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Nat Neurosci. 2009 May;12(5):559-67. doi: 10.1038/nn.2314. Epub 2009 Apr 19.

Tubulin tyrosination navigates the kinesin-1 motor domain to axons.

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  • 1Department of Molecular Anatomy, Hamamatsu University School of Medicine, Handayama, Shizuoka, Japan. ykonishi@hama-med.ac.jp

Abstract

Neurons form distinctive axonal and dendritic compartments that are important for directional signaling, but the mechanisms that discriminate between axons and dendrites remain elusive. Previous studies have demonstrated that the kinesin-1 motor domain is capable of distinguishing the axon from dendrites. Here we found that the amino acid substitutions in the beta5-loop8 region transformed truncated kinesin-1 from a uni-destination (that is, the axon-specific destination) to a bi-destination (that is, axons and dendrites) state. Furthermore, tyrosinated tubulins that are abundant in somatodendrites prevent the wild-type kinesin-1 from binding to microtubules, whereas the bi-destination-type kinesin-1 does not have this inhibition. Consistently, inhibition of tubulin tyrosination in rat hippocampal neurons resulted in the distribution of truncated kinesin-1 in both axons and dendrites. Our study identifies a molecular mechanism that discriminates the axonal microtubules from somatodendritic microtubules, as well as a previously unknown linkage between tubulin modification and polarized trafficking in neurons.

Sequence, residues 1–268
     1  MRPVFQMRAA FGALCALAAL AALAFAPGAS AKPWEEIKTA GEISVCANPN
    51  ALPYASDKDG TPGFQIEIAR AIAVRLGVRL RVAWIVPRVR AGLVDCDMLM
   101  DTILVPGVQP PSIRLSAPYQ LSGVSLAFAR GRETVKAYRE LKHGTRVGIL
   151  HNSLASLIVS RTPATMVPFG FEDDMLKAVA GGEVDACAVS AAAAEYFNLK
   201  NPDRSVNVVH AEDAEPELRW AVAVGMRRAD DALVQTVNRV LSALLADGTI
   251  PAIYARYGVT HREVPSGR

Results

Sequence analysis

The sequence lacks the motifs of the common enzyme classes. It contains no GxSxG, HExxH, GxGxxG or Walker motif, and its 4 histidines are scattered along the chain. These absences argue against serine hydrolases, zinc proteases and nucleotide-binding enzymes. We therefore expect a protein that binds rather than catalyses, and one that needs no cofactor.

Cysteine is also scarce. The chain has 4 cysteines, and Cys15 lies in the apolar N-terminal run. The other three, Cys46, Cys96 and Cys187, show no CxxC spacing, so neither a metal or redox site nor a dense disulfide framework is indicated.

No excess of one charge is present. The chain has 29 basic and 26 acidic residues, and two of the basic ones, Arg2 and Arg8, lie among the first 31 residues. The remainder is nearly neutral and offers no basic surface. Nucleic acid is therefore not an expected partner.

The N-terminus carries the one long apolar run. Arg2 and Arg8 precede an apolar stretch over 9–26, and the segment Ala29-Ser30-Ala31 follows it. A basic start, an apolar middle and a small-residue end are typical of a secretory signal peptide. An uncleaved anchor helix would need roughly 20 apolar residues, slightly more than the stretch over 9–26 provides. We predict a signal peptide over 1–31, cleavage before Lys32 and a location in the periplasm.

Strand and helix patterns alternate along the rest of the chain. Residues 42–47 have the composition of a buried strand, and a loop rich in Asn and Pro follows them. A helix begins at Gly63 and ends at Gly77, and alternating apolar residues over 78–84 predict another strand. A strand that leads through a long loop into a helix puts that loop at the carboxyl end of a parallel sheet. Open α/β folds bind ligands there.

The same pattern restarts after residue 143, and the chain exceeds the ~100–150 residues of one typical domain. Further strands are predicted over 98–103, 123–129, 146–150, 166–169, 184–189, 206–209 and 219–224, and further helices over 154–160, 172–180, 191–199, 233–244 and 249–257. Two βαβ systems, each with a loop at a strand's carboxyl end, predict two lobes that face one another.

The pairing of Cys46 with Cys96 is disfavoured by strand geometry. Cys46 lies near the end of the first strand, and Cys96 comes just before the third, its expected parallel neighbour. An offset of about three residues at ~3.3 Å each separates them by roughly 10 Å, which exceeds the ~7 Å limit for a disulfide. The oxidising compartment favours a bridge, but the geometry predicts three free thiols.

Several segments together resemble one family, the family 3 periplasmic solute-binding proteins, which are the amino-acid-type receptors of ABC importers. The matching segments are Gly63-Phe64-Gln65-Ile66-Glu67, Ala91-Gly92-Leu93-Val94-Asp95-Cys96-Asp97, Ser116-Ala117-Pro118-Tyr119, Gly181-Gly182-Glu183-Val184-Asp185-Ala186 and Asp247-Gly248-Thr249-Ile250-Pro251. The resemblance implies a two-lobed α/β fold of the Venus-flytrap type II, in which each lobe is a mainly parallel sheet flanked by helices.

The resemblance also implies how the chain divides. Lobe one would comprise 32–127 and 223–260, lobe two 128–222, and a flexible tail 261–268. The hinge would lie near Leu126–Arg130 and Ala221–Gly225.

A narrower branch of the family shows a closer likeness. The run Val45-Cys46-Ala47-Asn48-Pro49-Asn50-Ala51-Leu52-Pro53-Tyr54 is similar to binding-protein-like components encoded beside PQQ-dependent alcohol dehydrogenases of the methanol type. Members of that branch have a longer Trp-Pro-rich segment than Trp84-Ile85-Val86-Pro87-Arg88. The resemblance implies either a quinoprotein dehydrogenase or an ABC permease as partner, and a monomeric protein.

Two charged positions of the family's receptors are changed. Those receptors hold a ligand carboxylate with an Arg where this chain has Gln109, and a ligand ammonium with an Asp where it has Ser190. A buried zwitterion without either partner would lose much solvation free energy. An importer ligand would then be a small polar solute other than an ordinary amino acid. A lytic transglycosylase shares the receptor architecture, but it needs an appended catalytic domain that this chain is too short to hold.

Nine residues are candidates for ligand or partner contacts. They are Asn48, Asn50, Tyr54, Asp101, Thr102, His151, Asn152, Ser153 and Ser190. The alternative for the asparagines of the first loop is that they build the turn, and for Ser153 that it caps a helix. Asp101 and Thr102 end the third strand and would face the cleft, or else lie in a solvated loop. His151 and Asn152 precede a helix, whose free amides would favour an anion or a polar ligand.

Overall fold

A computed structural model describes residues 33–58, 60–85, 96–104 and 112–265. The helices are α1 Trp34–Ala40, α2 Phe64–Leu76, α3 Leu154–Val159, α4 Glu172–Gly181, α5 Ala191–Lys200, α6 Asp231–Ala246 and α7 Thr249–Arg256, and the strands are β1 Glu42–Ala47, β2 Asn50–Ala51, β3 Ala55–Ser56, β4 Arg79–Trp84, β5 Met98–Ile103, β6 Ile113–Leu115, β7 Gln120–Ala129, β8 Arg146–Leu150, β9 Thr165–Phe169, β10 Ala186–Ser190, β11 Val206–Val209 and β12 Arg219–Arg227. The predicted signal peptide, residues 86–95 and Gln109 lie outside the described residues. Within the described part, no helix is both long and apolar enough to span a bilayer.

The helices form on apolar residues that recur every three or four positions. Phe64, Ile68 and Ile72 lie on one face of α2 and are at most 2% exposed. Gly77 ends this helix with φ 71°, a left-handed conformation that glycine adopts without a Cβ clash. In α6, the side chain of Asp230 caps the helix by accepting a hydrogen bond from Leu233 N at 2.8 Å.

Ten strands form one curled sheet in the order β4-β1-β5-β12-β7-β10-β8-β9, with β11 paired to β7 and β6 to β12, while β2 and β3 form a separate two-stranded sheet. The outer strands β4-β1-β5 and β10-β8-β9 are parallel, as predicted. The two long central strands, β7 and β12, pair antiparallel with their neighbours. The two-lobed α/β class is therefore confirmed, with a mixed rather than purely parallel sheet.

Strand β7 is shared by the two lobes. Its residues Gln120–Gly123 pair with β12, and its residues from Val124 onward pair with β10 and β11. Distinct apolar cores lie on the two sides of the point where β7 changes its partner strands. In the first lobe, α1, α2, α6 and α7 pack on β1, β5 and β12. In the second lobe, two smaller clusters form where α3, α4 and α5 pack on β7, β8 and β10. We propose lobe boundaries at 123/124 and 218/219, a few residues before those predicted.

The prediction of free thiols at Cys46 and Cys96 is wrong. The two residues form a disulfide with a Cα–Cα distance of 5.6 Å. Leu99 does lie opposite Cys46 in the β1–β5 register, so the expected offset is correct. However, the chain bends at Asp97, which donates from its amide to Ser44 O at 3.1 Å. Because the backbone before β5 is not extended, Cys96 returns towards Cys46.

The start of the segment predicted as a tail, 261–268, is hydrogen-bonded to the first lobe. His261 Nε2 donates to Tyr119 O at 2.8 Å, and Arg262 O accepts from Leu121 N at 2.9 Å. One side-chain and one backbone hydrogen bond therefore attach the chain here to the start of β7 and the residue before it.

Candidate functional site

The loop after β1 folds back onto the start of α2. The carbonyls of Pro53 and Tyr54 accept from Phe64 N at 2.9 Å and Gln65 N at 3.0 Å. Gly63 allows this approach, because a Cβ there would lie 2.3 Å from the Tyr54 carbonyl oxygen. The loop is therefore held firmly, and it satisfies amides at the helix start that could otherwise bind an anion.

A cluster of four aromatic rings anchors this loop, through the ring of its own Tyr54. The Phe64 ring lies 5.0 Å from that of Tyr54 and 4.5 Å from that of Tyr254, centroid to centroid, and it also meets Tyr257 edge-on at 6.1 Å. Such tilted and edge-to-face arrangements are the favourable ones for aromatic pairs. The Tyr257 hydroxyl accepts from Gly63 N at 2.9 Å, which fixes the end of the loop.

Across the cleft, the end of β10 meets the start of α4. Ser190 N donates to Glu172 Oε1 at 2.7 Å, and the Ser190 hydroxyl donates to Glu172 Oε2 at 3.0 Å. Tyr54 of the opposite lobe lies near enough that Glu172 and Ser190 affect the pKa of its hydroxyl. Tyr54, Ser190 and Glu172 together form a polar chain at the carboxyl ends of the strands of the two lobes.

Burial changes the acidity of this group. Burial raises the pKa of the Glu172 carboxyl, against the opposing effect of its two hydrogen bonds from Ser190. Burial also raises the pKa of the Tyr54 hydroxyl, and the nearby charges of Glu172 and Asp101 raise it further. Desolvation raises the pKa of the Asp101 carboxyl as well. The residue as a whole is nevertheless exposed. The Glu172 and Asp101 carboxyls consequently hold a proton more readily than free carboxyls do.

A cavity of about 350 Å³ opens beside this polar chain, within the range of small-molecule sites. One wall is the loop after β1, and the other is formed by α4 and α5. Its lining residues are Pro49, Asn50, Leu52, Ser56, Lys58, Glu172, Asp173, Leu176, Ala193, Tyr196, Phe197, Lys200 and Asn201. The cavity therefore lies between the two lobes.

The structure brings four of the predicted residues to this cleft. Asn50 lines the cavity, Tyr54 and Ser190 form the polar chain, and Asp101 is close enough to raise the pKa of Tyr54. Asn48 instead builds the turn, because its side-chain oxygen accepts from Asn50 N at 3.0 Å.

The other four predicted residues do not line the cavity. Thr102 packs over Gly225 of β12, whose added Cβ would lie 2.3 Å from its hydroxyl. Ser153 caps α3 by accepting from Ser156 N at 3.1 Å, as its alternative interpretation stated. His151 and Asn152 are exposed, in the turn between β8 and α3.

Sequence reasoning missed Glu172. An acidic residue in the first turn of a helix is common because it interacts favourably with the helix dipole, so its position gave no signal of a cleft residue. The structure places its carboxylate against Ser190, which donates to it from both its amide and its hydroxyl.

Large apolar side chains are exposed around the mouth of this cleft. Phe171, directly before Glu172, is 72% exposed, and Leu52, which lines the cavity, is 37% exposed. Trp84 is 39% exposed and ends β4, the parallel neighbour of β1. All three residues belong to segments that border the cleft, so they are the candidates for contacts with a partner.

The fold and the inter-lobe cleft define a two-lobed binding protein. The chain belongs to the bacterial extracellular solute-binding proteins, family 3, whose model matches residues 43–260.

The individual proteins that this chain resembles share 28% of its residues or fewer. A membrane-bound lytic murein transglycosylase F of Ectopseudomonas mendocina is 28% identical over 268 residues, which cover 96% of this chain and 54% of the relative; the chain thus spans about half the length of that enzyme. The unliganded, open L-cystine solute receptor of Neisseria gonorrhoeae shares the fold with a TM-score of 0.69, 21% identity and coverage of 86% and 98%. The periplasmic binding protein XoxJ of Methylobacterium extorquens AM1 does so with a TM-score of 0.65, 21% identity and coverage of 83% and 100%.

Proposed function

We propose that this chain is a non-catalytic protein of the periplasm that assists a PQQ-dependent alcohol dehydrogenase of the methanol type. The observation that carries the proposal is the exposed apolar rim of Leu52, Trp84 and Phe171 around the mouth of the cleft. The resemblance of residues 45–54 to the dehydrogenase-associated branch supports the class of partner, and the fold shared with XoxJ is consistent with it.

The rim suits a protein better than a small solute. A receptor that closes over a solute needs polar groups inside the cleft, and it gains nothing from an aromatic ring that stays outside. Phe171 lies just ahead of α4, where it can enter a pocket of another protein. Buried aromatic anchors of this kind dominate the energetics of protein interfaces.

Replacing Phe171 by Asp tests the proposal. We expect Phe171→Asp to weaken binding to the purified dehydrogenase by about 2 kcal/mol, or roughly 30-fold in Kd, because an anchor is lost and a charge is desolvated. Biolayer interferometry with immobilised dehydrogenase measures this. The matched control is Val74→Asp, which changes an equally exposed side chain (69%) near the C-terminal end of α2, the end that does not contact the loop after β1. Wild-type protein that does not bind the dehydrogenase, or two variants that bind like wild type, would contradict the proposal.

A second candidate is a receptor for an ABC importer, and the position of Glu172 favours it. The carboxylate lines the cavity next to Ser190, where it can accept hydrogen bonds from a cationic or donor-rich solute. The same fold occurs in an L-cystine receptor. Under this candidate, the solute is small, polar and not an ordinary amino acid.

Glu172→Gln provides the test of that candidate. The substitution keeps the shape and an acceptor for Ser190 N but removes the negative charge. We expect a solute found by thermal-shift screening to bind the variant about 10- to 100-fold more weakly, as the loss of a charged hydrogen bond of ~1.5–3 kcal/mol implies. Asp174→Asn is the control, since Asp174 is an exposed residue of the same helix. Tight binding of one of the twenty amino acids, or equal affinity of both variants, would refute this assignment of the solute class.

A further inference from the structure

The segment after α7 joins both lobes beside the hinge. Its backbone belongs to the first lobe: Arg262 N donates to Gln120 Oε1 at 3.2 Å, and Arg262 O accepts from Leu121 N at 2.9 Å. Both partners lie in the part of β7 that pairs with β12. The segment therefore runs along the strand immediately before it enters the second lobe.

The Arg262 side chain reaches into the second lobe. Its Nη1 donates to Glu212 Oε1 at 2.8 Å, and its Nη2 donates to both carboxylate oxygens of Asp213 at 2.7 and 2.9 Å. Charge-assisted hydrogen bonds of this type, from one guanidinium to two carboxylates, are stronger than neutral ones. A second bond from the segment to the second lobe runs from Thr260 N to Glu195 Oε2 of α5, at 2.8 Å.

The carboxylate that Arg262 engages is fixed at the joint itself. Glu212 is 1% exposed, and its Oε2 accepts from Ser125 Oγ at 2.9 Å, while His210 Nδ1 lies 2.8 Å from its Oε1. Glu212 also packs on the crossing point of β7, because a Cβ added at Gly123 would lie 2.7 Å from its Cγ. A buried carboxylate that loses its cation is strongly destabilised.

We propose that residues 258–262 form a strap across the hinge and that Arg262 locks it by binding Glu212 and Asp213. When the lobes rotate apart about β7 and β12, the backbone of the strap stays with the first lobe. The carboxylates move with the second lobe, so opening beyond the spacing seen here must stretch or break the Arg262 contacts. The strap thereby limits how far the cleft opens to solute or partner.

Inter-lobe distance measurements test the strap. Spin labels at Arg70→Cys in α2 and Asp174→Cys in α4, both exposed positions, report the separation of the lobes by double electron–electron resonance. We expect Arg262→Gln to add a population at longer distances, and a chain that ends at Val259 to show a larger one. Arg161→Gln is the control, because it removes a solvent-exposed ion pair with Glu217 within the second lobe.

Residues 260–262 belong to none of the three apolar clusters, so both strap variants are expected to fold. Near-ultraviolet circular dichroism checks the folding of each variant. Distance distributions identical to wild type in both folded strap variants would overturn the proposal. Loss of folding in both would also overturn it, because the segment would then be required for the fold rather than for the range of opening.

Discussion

PMID:
19377471
[PubMed - indexed for MEDLINE]
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